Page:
The blockchain and cryptocurrency sector provides excellent opportunities for tax revenue generation and employment growth. It would be a pleasant surprise if this year's Budget Speech contains new announcements regarding cryptocurrencies and blockchain technology.
With no shortage of economic crises to deal with, the Minister of Finance and National Treasury may well decide that they can continue to hold off on making serious policy moves in this sector. However, this would be a pity, as meaningful policy engagement with cryptocurrencies and blockchains could generate compelling opportunities to stimulate economic activity, drive prosperity, and raise tax revenue.
If Treasury were to make changes in these areas, here are some good places to start:
- First, the tax deduction for research and development expenditure should be re-instated for developers of cryptocurrencies and blockchains. This deduction was removed in 2018, seemingly by accident, and this change has served as a huge disincentive to innovation, entrepreneurship and job creation in this sector.
- Second, rather than trying to impose old income tax and capital gains tax rules and principles in this new and rapidly evolving sector, Treasury could consider imposing a flat "financial transaction tax" on cryptocurrency transactions. This tax could be set at a low flat rate, with cryptocurrency industry participants having floated the suggestion of a flat tax at 6%. This could also be introduced in conjunction with an appropriate third-party reporting regime and withholding rules, for cryptocurrency exchanges and other intermediaries facilitating cryptocurrency transactions – similar to the reporting regime governing stock exchanges and financial service providers, and the obligations of intermediaries to collect securities transfer tax (a financial transaction tax). This combined approach should make enforcement and compliance easier for the South African Revenue Service and the public, respectively, while boosting revenue collections and incentivizing further investment in cryptocurrency markets.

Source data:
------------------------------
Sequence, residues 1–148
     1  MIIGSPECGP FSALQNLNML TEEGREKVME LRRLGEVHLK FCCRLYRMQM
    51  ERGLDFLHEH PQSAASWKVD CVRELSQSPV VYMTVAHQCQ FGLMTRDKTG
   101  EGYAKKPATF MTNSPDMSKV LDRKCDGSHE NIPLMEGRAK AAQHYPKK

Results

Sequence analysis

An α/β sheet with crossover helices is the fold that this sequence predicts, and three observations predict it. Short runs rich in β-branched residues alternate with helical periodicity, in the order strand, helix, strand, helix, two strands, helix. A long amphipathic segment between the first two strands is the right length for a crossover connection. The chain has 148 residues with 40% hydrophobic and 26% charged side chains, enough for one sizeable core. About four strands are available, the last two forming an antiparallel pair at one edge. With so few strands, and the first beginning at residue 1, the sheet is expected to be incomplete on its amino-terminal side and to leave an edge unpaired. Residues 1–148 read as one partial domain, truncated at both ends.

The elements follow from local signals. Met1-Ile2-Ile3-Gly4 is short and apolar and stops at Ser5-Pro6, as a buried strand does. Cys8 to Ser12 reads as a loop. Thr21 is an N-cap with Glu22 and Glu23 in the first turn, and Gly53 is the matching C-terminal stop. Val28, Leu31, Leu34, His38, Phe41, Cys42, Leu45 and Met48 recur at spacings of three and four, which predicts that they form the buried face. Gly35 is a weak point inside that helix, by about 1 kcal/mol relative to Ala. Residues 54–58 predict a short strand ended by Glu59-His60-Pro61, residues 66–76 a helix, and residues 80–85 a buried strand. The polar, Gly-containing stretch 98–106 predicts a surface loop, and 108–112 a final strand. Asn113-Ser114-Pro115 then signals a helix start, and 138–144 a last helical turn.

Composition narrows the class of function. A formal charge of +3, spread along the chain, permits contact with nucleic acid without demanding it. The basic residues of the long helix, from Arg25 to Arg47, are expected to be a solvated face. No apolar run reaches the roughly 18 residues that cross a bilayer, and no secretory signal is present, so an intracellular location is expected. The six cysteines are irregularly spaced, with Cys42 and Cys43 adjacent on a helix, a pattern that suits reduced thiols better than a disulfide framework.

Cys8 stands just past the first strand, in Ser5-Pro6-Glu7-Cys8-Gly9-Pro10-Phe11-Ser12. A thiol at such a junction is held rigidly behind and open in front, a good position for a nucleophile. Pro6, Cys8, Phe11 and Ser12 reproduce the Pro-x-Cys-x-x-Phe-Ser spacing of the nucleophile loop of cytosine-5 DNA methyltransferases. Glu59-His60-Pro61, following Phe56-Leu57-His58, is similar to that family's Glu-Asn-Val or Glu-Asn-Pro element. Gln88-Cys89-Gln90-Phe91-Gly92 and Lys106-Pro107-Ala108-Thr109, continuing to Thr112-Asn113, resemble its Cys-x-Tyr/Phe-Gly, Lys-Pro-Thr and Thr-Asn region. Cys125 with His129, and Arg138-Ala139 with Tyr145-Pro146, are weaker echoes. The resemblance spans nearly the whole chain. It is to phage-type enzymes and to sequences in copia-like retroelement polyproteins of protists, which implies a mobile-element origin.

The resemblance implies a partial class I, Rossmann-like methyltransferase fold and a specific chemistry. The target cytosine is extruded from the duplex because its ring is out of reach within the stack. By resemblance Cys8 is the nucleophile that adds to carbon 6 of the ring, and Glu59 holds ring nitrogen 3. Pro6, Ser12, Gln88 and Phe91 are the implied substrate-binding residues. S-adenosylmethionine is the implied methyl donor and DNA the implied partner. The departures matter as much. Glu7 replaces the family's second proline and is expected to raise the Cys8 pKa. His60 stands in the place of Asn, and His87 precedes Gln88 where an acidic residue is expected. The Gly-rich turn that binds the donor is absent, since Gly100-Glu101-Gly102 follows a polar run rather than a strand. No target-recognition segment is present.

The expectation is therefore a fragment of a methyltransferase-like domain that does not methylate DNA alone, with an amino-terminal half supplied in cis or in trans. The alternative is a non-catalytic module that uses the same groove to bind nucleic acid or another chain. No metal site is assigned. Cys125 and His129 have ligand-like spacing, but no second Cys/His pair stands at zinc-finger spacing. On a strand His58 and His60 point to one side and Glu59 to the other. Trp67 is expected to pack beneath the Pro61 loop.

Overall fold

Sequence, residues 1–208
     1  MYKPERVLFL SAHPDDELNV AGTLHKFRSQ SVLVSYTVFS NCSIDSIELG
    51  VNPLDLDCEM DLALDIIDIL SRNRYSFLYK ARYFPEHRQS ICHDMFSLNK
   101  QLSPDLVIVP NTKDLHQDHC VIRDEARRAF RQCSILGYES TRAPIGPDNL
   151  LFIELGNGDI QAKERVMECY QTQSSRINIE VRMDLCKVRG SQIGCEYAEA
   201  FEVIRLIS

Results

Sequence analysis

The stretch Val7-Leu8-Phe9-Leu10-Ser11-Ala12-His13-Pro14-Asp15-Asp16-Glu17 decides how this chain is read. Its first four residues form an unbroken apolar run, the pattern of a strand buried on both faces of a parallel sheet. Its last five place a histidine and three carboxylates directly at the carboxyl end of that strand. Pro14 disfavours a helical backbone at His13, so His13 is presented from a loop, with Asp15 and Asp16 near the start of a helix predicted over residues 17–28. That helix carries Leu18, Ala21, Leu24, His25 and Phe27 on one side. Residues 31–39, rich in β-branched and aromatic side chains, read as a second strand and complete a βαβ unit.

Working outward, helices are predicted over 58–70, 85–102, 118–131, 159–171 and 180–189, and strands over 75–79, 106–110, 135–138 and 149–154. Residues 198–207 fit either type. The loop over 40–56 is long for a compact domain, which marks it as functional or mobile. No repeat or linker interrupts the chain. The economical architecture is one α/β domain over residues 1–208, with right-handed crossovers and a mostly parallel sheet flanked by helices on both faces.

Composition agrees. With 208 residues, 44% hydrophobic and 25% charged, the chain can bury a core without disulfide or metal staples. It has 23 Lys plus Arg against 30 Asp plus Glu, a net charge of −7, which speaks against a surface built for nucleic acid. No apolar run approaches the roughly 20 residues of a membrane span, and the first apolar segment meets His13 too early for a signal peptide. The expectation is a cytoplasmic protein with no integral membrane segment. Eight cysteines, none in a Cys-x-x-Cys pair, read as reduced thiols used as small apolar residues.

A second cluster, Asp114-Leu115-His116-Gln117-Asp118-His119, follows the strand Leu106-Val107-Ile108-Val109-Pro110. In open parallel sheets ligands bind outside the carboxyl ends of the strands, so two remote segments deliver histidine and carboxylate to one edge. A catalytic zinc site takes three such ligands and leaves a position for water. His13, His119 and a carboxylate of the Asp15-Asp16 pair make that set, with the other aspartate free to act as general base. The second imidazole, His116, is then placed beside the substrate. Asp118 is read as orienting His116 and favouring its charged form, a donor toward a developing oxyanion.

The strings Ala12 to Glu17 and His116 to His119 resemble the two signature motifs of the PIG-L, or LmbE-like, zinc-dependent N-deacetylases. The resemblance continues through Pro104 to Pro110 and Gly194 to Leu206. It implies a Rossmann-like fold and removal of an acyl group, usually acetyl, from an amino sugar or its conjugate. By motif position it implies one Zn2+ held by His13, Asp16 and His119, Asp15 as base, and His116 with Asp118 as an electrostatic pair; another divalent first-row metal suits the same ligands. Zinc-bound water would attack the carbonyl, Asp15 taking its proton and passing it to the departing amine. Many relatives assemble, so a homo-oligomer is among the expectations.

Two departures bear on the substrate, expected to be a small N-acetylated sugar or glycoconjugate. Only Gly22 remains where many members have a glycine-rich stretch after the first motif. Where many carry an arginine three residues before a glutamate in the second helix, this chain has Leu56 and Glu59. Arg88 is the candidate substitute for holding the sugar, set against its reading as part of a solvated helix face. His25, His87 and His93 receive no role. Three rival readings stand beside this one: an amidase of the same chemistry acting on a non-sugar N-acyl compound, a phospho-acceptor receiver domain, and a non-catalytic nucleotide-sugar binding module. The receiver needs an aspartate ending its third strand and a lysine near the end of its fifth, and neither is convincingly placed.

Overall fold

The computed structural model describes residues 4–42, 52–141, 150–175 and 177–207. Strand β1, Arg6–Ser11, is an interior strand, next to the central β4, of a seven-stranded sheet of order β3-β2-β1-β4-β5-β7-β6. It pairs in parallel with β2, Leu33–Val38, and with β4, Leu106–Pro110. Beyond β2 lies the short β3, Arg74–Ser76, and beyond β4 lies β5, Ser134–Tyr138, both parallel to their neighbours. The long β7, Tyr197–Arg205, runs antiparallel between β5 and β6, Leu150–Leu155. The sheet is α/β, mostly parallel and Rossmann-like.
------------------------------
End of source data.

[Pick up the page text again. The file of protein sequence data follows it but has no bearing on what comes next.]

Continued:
Apart from issues regarding tax treatment, there is a need for a more nuanced approach to the exchange control rules governing cross-border cryptocurrency transactions for corporate entities, which are currently not permitted at all. Again, concerns regarding potential abuse should be balanced against the stifling of legitimate commercial activity and investment. That said, changes or guidance in this regard are more likely to be announced separately from the Budget Speech.
In the face of difficult economic conditions and stagnation, we need to embrace new ideas and new industries. We therefore hope that the Minister has some pleasant surprises in store for us on 26 February.
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